Irish Whiskey Museum

Published in Issue 5 (September/October 2015), Reviews, Volume 23

 Above: The entrance is located between two shops and may be easy to miss.

Above: The entrance is located between two shops and may be easy to miss.

The Irish Whiskey Museum is Dublin’s latest, and it has a prime site opposite the front gate of Trinity College. The entrance is located between two shops and may be easy to miss, which may account for the fact that there were only four other people on the tour that I took, although the 3pm tour, we were told, was fully booked out.
You can only visit the museum as part of a tour, so we had a guide to lead us through the various rooms. This is a commercial operation, so there is a fee to get in, with a standard tour, a VIP tour and various concessions. The main exhibits are in four themed rooms; while each is heavy on reconstructions and videos, there are authentic artefacts from Ireland’s whiskey heritage on display as well.

The tour begins in the monks’ room, where our guide explained the origins of the word whiskey and its history. The history, illustrated by a video, goes backwards from Irish whiskey’s golden age in the nineteenth century to the arrival of the Normans. This might be slightly confusing for some visitors from overseas, but not to worry, since general history is there mainly to provide a backdrop to the story of Irish whiskey. If I were being strict, I would have to say that I disagreed with some of the interpretations of Irish history provided and was left wondering why people in the tourist industry pander to negative stereotypes of the Irish (from barbaric chieftains to sleekit poteen-makers).

The next room was described as a shebeen and we were told how the dissolution of the monasteries by Henry VIII led to the domestication of distilling, while later taxes resulted in the illicit production of poteen. The room itself was barn-like, with a simple still along one wall and a coffin serving as a table. In describing the origins of the modern Irish whiskey industry, our guide touched along the way on the Irish language, storytelling, wakes, traditional music and so on.

The final room is done up like a Victorian pub, and clever use of videos brings Ireland’s great distillers, from George Roe to John Locke, to life in an entertaining and informative way. From a historical point of view, we were on firmer ground here in dealing with the eighteenth and nineteenth centuries and the development of the whiskey industry. Of course, alongside the historical narrative we also had the technicalities of producing whiskey, the ingredients and different varieties explained—including why Irish is superior to Scotch. In an anteroom to the tasting room, a time-line made up of historic whiskey bottles follows the development of Irish whiskey in the twentieth and twenty-first centuries, explaining the impact of the world wars, Independence, Prohibition and so on. This concludes with the growth of the smaller craft distilleries in recent years.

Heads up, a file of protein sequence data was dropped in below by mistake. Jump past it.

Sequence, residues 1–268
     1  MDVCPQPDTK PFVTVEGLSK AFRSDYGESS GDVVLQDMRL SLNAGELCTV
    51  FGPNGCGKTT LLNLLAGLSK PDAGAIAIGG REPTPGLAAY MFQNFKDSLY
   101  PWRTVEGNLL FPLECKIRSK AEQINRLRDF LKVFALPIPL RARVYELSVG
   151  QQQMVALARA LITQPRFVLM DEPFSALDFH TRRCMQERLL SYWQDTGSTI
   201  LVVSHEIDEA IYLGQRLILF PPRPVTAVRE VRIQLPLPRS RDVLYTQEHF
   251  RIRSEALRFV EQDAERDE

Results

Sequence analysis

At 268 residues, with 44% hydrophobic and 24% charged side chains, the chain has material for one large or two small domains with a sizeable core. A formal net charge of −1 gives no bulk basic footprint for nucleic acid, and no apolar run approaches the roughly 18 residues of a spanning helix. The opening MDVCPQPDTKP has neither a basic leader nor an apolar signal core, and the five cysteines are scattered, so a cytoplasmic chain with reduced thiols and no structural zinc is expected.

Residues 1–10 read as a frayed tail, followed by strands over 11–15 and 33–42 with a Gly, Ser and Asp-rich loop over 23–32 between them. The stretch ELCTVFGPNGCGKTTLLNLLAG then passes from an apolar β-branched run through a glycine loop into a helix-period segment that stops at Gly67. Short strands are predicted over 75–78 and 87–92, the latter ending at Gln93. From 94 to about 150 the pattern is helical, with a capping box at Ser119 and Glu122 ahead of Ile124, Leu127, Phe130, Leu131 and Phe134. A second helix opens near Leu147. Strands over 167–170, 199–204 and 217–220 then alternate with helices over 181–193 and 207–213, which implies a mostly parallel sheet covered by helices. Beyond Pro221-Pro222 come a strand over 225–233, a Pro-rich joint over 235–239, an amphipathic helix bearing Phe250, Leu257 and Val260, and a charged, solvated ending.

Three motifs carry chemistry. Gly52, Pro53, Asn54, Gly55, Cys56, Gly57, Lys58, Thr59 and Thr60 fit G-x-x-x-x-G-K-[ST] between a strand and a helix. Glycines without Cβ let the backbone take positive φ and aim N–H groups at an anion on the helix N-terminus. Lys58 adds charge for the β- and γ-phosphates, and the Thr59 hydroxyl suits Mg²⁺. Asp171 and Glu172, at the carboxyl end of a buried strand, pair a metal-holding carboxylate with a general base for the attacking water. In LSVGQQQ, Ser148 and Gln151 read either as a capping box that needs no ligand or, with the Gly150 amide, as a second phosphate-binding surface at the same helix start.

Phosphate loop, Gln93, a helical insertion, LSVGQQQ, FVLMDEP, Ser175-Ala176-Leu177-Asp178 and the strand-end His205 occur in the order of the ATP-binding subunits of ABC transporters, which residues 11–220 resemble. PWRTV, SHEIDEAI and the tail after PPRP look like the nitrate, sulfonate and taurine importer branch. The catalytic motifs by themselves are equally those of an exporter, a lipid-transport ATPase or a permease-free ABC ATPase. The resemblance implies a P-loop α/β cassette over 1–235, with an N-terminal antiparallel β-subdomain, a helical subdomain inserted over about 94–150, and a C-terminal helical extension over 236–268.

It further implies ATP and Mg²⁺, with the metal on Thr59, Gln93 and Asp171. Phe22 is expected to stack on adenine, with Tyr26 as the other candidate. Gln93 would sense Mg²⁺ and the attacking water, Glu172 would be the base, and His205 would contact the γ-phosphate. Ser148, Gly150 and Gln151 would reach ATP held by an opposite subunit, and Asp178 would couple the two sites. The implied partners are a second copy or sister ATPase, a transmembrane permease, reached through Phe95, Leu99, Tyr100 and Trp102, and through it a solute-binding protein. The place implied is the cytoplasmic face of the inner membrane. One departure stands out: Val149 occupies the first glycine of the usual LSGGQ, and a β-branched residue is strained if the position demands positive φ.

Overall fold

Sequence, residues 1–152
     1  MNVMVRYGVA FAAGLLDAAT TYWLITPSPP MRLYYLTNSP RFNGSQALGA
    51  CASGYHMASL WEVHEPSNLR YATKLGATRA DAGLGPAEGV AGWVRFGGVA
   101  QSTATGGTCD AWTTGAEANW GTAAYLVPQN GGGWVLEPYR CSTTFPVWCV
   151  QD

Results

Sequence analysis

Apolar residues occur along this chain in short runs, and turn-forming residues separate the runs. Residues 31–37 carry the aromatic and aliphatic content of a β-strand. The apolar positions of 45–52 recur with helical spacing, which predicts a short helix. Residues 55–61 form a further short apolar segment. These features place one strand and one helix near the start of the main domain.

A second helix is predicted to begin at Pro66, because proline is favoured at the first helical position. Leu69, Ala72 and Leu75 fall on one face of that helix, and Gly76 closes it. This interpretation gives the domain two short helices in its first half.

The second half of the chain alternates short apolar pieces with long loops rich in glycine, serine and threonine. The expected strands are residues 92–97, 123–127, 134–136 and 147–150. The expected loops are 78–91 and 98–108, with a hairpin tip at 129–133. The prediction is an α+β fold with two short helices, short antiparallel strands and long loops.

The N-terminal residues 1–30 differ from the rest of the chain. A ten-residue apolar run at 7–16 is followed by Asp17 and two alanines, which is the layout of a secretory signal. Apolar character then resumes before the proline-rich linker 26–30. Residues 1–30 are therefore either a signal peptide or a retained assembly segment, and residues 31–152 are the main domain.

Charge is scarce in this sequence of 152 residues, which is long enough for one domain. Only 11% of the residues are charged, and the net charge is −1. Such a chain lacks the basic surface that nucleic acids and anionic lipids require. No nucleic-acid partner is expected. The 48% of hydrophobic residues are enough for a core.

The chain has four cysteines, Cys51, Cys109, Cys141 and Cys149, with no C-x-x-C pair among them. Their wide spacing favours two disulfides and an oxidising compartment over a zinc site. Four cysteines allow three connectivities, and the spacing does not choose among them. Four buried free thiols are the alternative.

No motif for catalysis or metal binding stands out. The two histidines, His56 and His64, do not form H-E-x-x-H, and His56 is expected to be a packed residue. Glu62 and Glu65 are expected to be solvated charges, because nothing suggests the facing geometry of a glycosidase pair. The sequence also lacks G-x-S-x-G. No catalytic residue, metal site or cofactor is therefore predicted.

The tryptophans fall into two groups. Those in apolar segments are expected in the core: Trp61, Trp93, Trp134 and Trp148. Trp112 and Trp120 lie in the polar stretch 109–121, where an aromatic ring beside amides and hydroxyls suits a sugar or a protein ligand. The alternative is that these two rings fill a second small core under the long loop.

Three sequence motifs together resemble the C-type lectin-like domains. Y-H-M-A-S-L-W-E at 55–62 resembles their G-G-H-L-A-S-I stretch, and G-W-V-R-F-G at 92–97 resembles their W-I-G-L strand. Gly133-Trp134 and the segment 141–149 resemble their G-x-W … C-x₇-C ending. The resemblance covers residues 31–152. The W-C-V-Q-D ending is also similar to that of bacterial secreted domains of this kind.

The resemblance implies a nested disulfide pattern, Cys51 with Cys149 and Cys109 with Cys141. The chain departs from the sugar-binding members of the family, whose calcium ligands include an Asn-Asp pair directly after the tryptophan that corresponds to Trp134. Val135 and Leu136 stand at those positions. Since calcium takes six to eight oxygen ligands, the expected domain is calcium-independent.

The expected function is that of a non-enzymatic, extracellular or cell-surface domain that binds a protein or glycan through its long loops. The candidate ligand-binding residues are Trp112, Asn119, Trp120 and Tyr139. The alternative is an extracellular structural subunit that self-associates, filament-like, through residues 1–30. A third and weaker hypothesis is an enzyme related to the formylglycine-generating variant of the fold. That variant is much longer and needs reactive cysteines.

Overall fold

Finally, we are led into the tasting room and handed over to a barman for the sampling of Irish whiskey itself. Those on the standard tour get to sample three whiskeys; those on the VIP tour get an extra whiskey and a certificate making them an ‘ambassador for Irish whiskey’. It must be said that both the guide and the barman were excellent. Each judged the level of interest and knowledge of the group (two Americans and two Malaysians besides myself) and comfortably engaged with them, imparting knowledge, sharing a joke and expressing their own opinions on the different kinds of Irish whiskey. The samples of whiskey were generous and I was glad that I was taking the bus home afterwards!

When I thought of going to this museum, the €15 for a standard tour struck me as being a bit dear, but on leaving the building I thought it was money well spent. I like to think I know a lot about whiskey but I did learn some new things. The museum is directed at tourists and it strikes the right note between information and entertainment. Everyone left with some knowledge of Irish history and a good idea of the history of Irish whiskey (including the now largely forgotten 1906 court case brought by the Irish distillers against the Scotch). The mix of people, reconstructions, whiskey memorabilia and videos works really well in bringing you through the museum, keeping your interest alive and still being informative.

This museum does not claim to be anything it is not; while an Irish visitor may not get much from it, tourists will certainly enjoy it and come away with an appreciation of Irish whiskey. It compares fa

 Left: One room is described as a shebeen and includes a poteen still.

Left: One room is described as a shebeen and includes a poteen still.

vourably with Dublin’s other whiskey attraction, the Jameson Old Distillery, and with the Scotch Whisky Heritage Centre in Edinburgh. The latter has more razzmatazz (you travel through it in a whisky barrel) but less substance than the Irish Whiskey Museum.
So if you have an hour to spare in Dublin and want something different from the usual museum, go here. For a visitor from overseas, this is an ideal place to visit, with its mixture of information, charming blarney (in the nicest sense) and samples of genuine Irish whiskey.

Tony Canavan is editor of Books Ireland.


Copyright © 2024 History Publications Ltd, Unit 9, 78 Furze Road, Sandyford, Dublin 18, Ireland | Tel. +353-1-293 3568